New Taipei Mayor Eric Chu (朱立倫) has thrown his hat into the upcoming 2020 presidential race.

The Kuomintang (KMT) veteran stepped down today as mayor and announced he would contest the presidency, according to Taiwan’s Central News Agency.

Chu was also the KMT candidate in 2016, gaining 31.0 percent of the vote and losing to President Tsai Ing-wen (蔡英文) of the Democratic Progressive Party (DPP).


Credit: Reuters / Pichi Chuang

2016 presidential candidates Eric Chu (L), Tsai Ing-wen (C) and James Soong.

However, the resurgent KMT is enjoying a wave of momentum after throttling the ruling DPP in last month’s regional elections. The KMT presidential nomination, which does not have an official process, will be closely watched in the months to come.

The announcement also comes amid scrutiny of the Tsai administration’s management of cross-Strait relations. Recent opinion polls hint that most Taiwanese do not approve of the DPP’s cross-Strait policies and may support the so-called “1992 Consensus” with Beijing.

Chu, who is ceding his New Taipei mayoral seat to the KMT’s Hou You-yi (侯友宜), has said he sees the 1992 Consensus as a legitimate basis for cross-Strait relations.

According to CNA, Chu said he would begin his presidential bid by informally consulting with people in Taiwan and internationally and would set up his own office to manage his campaign.

Chu is expected to be joined by a deep field of presumptive KMT candidates, possibly including KMT chairman Wu Den-yih (吳敦義) and former Legislative Yuan president Wang Jin-pyng (王金平).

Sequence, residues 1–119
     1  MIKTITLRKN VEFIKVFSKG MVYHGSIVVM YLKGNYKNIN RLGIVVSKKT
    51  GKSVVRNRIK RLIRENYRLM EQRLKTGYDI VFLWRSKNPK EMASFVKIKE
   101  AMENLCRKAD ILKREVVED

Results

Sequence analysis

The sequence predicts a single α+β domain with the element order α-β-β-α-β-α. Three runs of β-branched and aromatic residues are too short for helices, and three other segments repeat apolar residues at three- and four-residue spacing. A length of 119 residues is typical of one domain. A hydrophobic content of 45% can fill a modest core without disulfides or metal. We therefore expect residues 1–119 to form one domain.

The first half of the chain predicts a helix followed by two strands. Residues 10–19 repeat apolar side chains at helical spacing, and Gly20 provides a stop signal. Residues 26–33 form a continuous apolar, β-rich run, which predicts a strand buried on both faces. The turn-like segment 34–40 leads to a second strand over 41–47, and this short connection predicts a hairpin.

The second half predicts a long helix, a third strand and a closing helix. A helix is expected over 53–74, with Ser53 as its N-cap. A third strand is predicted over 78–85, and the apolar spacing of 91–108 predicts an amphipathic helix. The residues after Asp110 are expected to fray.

Shifting cross-Strait sentiments

Chu lost in a landslide in the 2016 presidential election as the DPP’s Tsai took 56.1 percent of the vote, while People First Party (PFP) candidate James Soong (宋楚瑜) nabbed 12.8 percent.

But Tsai’s administration has seen its support evaporate after perceived economic failures and an inability to resolve contentious issues such as pension reform and raising the minimum wage.

The mishaps cost the DPP on Nov. 24 when the KMT took mayoral elections in municipalities including New Taipei, Taoyuan and Kaohsiung. While many commentators have said the losses were unrelated to Tsai’s cross-Strait policies, opinion polls show that voters are unhappy with the current state of relations with China.


Credit: Reuters / TPG

Eric Chu (L) shakes hands with Chinese President Xi Jinping during their May 4, 2015 meeting in Beijing.

A poll conducted last week by the Taiwanese Public Opinion Foundation showed that 65.7 percent of respondents disapprove of Tsai’s cross-Strait strategy, while only 25.3 percent voiced their approval. Tsai’s approval rating also slipped to a new low of 24.3 percent.

35.6 of respondents said they support the KMT, compared to 27.5 percent who support the DPP and 32 percent who said they are independent or neutral.

“The results show that the KMT has fully recovered from its bruising defeat in the 2016 elections, while the DPP has slid back to where it was 10 years ago,” said foundation chairman You Ying-lung (游盈隆), according to the Taipei Times.

A recent poll by the Taiwan-based China Times, which is seen as taking a pro-unification editorial stance, showed that over 60 percent of people in Taiwan agreed to developing relations with China under the “1992 Consensus.”

Taiwan’s Mainland Affairs Council (MAC) responded by questioning the validity of the poll due to problems with its methodology and impartiality, noting that many respondents likely misinterpreted the meaning of the consensus.

Tsai and her DPP government do not recognize the so-called consensus, which states that both Taipei and Beijing recognize that there is “one China,” encompassing both China and Taiwan, but agree to disagree on what this means.

Chu spoke in support of the 1992 Consensus during a March meeting with Liu Jieyi (劉結一), head of China’s Taiwan Affairs Office.

At the time, the MAC said Chu’s positions were not representative of the views of the Taiwanese people.

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